*The Base Image for this tutorial is a Digital Ocean CentOs 7.5 Image with 1GB Memory and 25GB Diskspace.
1. Connecting to your Server
You will need a SSH-Client like Putty if you are coming from Windows. On Unix-OS like OSX and Linux you can use terminal.
After connecting to the server you will be greeted by the following screen:
2. If you are logged in as root, it is highly recommended that you create another account and add this account to the wheel group. To achieve this, you have to type the following on the terminal.
where <username> can be any name you would like to have for the account. For this tutorial, we are going to create the user “corefinity”.
After hitting Enter, you need to assign a password to this user, as it won’t be enabled like in Ubuntu without doing so. To achieve this, you need to type
and repeat the password twice. You now have created your first user.
Unfortunately, this user doesn’t have any root-permissions yet, but we are going to change this now
As we are still logged in as root, we are now going to add our corefinity-user to the group of wheel.
usermod -aG wheel corefinity
will achieve this. We now have a non-root account, which can install software and updates.
To switch to this user, we need to type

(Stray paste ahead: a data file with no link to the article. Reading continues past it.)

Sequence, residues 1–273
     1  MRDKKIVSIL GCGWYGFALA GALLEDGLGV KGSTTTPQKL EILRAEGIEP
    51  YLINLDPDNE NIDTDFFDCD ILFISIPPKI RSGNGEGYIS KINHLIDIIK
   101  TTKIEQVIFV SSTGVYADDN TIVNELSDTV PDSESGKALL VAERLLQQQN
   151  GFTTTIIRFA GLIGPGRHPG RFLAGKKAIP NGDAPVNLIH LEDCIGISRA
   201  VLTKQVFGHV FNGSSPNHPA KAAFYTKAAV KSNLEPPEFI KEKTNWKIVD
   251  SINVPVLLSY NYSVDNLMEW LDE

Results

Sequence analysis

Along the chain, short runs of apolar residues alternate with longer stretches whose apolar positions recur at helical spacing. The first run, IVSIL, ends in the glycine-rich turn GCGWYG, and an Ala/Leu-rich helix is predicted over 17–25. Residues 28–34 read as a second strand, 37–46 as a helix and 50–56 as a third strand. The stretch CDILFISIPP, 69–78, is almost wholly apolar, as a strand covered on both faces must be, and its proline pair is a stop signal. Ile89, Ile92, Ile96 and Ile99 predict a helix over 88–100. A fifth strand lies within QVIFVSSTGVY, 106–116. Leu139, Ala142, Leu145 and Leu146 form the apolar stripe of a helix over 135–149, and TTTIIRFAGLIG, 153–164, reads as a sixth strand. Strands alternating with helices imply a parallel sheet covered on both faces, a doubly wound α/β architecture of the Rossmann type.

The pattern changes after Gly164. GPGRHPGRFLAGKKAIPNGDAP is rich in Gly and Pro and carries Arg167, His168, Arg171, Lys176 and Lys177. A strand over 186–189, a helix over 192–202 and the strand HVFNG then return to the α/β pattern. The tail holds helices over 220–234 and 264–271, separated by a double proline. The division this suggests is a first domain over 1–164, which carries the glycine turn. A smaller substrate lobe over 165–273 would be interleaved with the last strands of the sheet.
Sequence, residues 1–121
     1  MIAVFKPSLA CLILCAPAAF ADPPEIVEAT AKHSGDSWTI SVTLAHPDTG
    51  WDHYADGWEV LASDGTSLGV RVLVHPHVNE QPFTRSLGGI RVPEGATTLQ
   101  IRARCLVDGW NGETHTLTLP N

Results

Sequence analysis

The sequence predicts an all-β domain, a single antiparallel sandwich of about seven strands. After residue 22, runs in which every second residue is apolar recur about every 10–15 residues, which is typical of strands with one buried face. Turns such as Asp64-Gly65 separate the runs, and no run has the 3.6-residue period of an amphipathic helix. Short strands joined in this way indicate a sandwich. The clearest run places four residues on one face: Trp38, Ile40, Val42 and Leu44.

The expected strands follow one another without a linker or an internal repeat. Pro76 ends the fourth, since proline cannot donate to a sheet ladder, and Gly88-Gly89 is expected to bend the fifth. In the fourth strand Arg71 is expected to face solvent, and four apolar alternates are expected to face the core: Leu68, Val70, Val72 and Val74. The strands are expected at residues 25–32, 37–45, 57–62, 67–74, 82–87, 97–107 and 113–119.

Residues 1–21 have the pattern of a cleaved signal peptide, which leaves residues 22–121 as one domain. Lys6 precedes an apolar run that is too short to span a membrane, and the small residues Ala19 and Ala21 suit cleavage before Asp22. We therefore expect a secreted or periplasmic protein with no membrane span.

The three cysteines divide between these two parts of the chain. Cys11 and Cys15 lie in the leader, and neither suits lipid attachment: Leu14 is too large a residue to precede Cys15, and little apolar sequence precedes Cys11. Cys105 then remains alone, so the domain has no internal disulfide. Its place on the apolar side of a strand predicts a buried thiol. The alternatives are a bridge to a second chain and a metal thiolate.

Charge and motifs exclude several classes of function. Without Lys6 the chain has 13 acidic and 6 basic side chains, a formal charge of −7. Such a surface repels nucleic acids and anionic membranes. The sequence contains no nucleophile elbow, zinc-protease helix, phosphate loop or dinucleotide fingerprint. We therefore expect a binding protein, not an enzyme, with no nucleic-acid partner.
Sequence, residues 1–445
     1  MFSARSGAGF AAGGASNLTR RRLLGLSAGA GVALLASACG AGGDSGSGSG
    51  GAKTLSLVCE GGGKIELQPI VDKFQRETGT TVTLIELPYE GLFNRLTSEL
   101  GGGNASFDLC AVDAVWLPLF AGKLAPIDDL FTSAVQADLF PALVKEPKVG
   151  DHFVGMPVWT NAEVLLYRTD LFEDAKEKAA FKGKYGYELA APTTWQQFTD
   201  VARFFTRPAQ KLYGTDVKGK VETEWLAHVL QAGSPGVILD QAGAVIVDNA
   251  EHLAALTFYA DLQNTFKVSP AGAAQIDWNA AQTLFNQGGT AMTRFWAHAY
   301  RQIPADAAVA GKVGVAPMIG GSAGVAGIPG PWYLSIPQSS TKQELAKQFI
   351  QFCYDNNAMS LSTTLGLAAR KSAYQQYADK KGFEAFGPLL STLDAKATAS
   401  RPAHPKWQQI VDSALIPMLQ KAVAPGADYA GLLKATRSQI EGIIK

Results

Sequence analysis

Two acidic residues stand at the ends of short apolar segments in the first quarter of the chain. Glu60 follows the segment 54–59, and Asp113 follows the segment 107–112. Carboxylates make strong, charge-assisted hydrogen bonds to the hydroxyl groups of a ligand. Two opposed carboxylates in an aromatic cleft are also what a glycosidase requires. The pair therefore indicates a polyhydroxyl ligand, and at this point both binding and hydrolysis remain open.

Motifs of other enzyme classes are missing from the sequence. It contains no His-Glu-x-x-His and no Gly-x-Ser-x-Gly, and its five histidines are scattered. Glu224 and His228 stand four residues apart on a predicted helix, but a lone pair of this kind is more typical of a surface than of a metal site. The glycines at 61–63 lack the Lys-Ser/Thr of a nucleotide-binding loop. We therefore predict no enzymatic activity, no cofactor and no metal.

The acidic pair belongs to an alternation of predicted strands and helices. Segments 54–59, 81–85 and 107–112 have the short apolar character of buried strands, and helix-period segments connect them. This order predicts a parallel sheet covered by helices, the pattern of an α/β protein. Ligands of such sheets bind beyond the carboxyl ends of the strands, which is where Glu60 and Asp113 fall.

and to exit this user and return to root, we just need to type
and hit enter.
3. The first step you will need to do is updating your base image. Under our newly created corefinity-user, we need to type the following:
sudo yum update -y
and run the command by hitting enter. This will update yum’s packages and look similar to the following screenshot.
4. Now it’s time to install nginx. First we need to install the proper repository to be able to download and install nginx. In this case, we are going to use the CentOS EPEL-repository.
sudo yum install epel-release -y
If this step is finished, we can finally install nginx, by typing
sudo yum install nginx -y
Yum will download the nginx-package and ask for permission to install it.
We now need to enable nginx by typing
sudo systemctl enable nginx
sudo systemctl start nginx
After running this command, we can see if we were successful by typing
service nginx status
If everything went well, you will see several rows of text, which might look equal to the following screenshot.
Or you can open a browser and type in your server-ip and should be greeted by a website like this:
Congratulations! You have installed nginx on your CentOs server and fulfilled to first step to your own webserver.